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The next place CIOs should look to cut costs Print E-mail
Tuesday, 30 March 2010

(CIOZone) By Tom Hoffman

Since the recession kicked in last year – and, truth be told, almost consistently since 9-11 – CIOs have been under intense pressure to cut costs. No real news flash here. But after IT leaders quickly dispensed with the oft-mentioned "low-hanging fruit," it became increasingly difficult to find new ways to pare operational costs.

A few years ago, other cost-saving opportunities began presenting themselves, most notably server, storage and desktop virtualization efforts.

Even though IT budgets are beginning to tick up for some companies, CIOs aren't exactly going on wild spending sprees. Cost pressures remain. Sadly, relatively few IT leaders have taken advantage of prime opportunities to lower IT operating costs by renegotiating existing vendor contracts, consolidating the number of contracts in place and by managing and tracking their current contracts more closely. There's certainly been more activity in this space but there are also a lot unexplored options out there. Research conducted by the CIO Executive Board reveals that 54% of organizations report challenges with managing IT vendors effectively.

While attending the 14th Annual North American Shared Services & Outsourcing Week conference near Orlando this past week, I decided to conduct a bit of an experiment which admittedly is neither scientific nor statistically valid. I met with sales and marketing reps from about a half dozen vendors that provide contract management services. I should pre-qualify this by mentioning that roughly 80% of the 850 registered attendees at this conference were HR and finance directors as well as procurement and shared services managers. IT managers represented just 20% of the audience and most of the vendor reps I met with say that IT leaders typically aren't part of their target audience.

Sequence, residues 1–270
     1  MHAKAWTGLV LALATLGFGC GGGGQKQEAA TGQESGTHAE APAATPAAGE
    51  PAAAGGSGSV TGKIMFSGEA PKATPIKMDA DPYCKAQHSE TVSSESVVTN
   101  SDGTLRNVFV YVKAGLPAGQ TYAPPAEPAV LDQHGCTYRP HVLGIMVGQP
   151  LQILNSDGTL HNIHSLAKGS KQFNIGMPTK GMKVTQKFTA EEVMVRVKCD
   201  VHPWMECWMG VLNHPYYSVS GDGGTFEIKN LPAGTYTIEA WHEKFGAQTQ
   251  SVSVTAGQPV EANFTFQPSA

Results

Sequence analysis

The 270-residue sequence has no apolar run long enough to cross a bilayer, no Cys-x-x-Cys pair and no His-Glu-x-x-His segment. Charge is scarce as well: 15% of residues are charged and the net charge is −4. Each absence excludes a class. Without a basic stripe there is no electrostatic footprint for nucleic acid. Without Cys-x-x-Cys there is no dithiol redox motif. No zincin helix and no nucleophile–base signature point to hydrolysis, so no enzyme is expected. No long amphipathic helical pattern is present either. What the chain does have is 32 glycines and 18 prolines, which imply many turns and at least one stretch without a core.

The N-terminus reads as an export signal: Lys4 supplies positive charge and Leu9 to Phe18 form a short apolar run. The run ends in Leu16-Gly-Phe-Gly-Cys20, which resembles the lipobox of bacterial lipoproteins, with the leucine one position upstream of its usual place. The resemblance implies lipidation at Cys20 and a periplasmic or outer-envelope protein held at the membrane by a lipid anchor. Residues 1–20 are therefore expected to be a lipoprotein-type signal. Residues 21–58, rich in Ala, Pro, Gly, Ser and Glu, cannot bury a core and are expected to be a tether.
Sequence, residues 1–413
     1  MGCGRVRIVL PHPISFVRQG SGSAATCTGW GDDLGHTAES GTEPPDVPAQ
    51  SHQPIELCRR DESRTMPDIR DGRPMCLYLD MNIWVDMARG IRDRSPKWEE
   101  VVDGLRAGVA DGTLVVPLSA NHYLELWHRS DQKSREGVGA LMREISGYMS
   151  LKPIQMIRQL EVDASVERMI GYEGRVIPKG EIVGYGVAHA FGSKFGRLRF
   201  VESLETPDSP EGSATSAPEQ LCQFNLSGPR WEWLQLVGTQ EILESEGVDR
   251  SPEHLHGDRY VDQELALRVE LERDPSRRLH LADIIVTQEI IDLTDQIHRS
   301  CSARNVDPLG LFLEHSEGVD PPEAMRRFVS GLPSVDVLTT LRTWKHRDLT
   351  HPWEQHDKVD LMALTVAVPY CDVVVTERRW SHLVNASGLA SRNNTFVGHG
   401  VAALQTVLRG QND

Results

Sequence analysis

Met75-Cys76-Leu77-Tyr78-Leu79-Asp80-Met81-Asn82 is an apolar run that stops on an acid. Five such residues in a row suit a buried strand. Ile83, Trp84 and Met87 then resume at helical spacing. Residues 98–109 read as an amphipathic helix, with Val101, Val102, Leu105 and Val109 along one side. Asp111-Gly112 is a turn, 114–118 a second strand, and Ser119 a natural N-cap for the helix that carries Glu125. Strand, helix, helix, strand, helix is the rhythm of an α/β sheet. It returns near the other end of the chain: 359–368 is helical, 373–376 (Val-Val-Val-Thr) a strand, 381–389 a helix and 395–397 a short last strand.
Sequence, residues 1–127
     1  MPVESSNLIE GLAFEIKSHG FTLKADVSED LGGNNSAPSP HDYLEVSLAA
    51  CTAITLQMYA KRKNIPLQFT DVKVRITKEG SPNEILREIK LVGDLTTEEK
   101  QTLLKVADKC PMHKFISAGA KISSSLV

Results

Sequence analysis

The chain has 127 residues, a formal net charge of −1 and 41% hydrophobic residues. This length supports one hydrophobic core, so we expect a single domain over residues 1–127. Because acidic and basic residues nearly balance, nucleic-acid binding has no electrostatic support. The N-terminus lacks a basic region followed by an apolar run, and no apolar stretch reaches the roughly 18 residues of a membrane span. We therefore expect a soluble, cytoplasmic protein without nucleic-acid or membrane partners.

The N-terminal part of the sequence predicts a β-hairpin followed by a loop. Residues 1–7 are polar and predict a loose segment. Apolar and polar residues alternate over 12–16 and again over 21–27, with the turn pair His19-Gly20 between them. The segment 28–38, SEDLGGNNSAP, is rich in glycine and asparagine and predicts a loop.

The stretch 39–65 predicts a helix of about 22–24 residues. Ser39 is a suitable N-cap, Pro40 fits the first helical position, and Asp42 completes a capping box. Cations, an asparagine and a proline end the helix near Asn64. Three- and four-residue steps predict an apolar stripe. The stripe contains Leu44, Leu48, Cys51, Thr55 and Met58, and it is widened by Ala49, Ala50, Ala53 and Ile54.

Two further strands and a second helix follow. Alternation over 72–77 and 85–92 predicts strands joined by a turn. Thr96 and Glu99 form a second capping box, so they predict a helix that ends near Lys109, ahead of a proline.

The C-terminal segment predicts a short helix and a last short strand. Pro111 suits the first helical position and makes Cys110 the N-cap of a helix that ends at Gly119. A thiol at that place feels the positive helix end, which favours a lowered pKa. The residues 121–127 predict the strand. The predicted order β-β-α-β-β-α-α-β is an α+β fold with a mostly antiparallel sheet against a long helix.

Just the same, I asked each of the vendor reps a series of questions aimed at determining the level of interest expressed by IT managers in utilizing contract management services in recent months. Little, if any, according to the vendor reps I met with.

I found this a bit distressing. IT organizations historically have a poor track record of managing and tracking their vendor contracts and licensing agreements. One of the biggest problems with this detached approach to contract management is that when CIOs or IT procurement managers are notified by a vendor that their licenses are coming up for renewal, customer organizations typically have a lot trouble locating their contracts, thus putting them in an unfavorable position when it comes time to negotiate a new deal. They find themselves pressured to respond to a deadline and a deal that boxes them into a corner.

Some companies have done a terrific job of managing vendor contracts, identifying unutilized or under-utilized assets and negotiating more cost-effective deals in recent years. For instance, after searching through its vendor agreements for potential cost-savings opportunities, IT leaders at Sony Pictures Home Entertainment discovered a $125,000 maintenance bill for a workflow management system that was no longer in use but otherwise would have been paid had it not been detected. The company also saved millions of dollars in overhead after renegotiating several licensing agreements to more closely match its actual software usage.

But for many organizations, opportunities to rework vendor agreements and manage contracts more efficiently remain an unplucked fruit.

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